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Distributed computing..?

Posted by: Electrolyte - Tue Jul 13, 2004 8:15 pm
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Distributed computing..? 
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Post    Posted on: Sat Aug 28, 2004 5:18 am
Distributed computing is best when the same operation is done many many times, where radio is searched for patterns ala SETI@home or different protein creation steps are calculated ala Folding@home.

Distributed computing would only really help with complex singular calculations if the node machines were themselves supercomputers of neural networks.

Drool.

Computers will make life easier, but they don't provide will power.

They will however allow small design shops to compete with the big boys, so maybe.

Thanks for the links Sigurd.

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Post    Posted on: Sat Aug 28, 2004 7:06 am
The Sony QRIO is a perfect example of Neural Networks todays technology in real time usage:

http://www.sony.net/SonyInfo/QRIO/technology/

Example movies:
http://www.sony.net/SonyInfo/QRIO/video ... QR1011.ram
http://www.sony.net/SonyInfo/QRIO/video ... QR1010.ram
http://www.sony.net/SonyInfo/QRIO/video ... -QR102.ram

The beginning of the robot age :)

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Post    Posted on: Sat Aug 28, 2004 5:51 pm
Electrolyte wrote:
It would be fascinating to actually design something like that on a large scale with a few terabytes, I wonder how closely the end result would mirror the actions of the human brain when it comes to problem solving.


Hrm.... If you managed to pull off something that had processing speed measured in exahertz with storage capacities approaching a google bits, it MIGHT be somewhere along the lines of a drunk monkey.

"...and it appears that the nationwide rolling blackouts started when UC Berkeley fired up its new Computerized-Human Intelligent Mainframe Project (CHIMP, for short)."

.....Talk about an electricity bill......

You need quantum computing before you can really do anything approaching human problem-solving capacity. And even then you still have to answer the question, "But is it really intelligent?"

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Post    Posted on: Sat Aug 28, 2004 5:59 pm
spacecowboy wrote:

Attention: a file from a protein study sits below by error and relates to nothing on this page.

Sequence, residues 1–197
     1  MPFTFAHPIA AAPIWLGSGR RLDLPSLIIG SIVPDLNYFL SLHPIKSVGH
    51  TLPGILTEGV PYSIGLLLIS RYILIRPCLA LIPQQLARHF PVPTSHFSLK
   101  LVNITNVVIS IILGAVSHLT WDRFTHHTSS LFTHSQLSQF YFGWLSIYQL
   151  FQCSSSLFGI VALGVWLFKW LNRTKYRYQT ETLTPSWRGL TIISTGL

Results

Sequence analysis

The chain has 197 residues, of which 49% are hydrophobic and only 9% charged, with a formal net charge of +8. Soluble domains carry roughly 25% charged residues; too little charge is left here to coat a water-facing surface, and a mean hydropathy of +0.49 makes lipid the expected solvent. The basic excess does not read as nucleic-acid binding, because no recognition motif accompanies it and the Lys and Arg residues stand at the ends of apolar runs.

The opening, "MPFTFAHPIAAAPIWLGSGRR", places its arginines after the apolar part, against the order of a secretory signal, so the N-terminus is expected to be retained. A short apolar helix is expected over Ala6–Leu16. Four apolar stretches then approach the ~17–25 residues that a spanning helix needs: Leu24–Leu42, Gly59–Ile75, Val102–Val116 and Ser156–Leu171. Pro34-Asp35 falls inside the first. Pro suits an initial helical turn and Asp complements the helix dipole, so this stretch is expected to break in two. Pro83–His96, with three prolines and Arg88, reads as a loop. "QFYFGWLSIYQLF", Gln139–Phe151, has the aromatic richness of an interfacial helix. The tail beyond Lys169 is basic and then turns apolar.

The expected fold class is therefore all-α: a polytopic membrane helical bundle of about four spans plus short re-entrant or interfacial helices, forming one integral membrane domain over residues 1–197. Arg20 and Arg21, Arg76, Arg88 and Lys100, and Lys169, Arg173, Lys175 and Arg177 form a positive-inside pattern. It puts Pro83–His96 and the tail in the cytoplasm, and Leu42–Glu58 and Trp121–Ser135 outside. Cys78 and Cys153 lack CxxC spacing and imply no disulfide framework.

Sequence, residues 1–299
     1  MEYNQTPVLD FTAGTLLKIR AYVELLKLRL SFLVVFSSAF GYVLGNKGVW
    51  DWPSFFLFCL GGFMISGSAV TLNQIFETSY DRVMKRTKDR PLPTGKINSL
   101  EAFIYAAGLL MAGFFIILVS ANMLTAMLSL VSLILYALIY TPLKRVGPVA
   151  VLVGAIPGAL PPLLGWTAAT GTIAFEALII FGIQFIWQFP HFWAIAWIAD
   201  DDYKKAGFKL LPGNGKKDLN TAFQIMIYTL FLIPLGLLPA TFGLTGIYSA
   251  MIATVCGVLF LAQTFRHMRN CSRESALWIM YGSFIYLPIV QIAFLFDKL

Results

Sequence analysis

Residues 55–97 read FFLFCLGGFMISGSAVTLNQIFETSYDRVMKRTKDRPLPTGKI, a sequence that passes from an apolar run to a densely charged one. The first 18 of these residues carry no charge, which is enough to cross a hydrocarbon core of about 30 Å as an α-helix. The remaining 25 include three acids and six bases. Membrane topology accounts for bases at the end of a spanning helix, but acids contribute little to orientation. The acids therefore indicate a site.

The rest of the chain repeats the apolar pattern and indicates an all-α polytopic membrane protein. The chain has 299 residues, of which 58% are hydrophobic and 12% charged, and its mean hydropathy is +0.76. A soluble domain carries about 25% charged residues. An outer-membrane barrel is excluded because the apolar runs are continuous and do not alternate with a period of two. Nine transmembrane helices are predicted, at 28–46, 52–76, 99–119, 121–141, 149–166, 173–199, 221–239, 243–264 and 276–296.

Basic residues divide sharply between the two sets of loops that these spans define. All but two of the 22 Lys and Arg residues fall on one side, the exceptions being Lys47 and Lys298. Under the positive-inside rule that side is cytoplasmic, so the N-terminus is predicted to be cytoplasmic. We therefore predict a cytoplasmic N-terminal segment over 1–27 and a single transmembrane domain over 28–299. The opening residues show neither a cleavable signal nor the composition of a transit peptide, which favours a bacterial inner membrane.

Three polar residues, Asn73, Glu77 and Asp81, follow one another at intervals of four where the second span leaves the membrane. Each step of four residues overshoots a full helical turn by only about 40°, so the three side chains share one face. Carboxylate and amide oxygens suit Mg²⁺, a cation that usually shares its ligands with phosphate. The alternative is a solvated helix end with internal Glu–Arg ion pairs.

Electrolyte wrote:
It would be fascinating to actually design something like that on a large scale with a few terabytes, I wonder how closely the end result would mirror the actions of the human brain when it comes to problem solving.


Hrm.... If you managed to pull off something that had processing speed measured in exahertz with storage capacities approaching a google bits, it MIGHT be somewhere along the lines of a drunk monkey.

"...and it appears that the nationwide rolling blackouts started when UC Berkeley fired up its new Computerized-Human Intelligent Mainframe Project (CHIMP, for short)."

.....Talk about an electricity bill......

You need quantum computing before you can really do anything approaching human problem-solving capacity. And even then you still have to answer the question, "But is it really intelligent?"


Well, quantum technology will be very fast.; etc. and the electricity usage won't go up relative to the speed, so I guess it won't be an electricity problem.

Well, keep in mind there will be no real human problem solving.. even if you create a real brain in neural networks (not proven that it is possible), then still it would need time to gain "experiance" and to learn as a real human does (experiance could be copied to others theoretical), but I think neural networks, is especially good (as shown in those movies in my last post), for premade tasks, they will be able to do a lot.. but I think they will never or not very soon.. be able to dream.. and only our dreams... can create new goals.. so we'll have to tell them what to research and what they may or can use to achieve it.
So I guess they will be our future slaves... our working force for the tasks we're too laizy to do :? ...

Also, you'll need not 1 cpu in quantum speed to get a human brain, but every neural in our brain is working on quantum speed relative to 1 quantum cpu... (and we don't know yet how optimized our brains are ;) nothing to compare with ;))

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Post    Posted on: Sat Aug 28, 2004 6:18 pm
very interesting stuff there sigurd... the qrio is a pretty interesting example of where the future of robots can be expected to go with neural networking...

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Post    Posted on: Sat Feb 07, 2009 8:55 am
What about distributed computing between probes and earthian computers? There seem to be tasks that probes can delay. If the delay can be hours why not doing the task on Earth and beam it back to the probes?

This way the SETI@home approach might be applied and the space internet recently reported about might be used.



What about it?



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Post    Posted on: Sat Feb 07, 2009 5:30 pm
Because they need fast response time... a lag of 2-3 hours is bad, and could also be fatal for the mission


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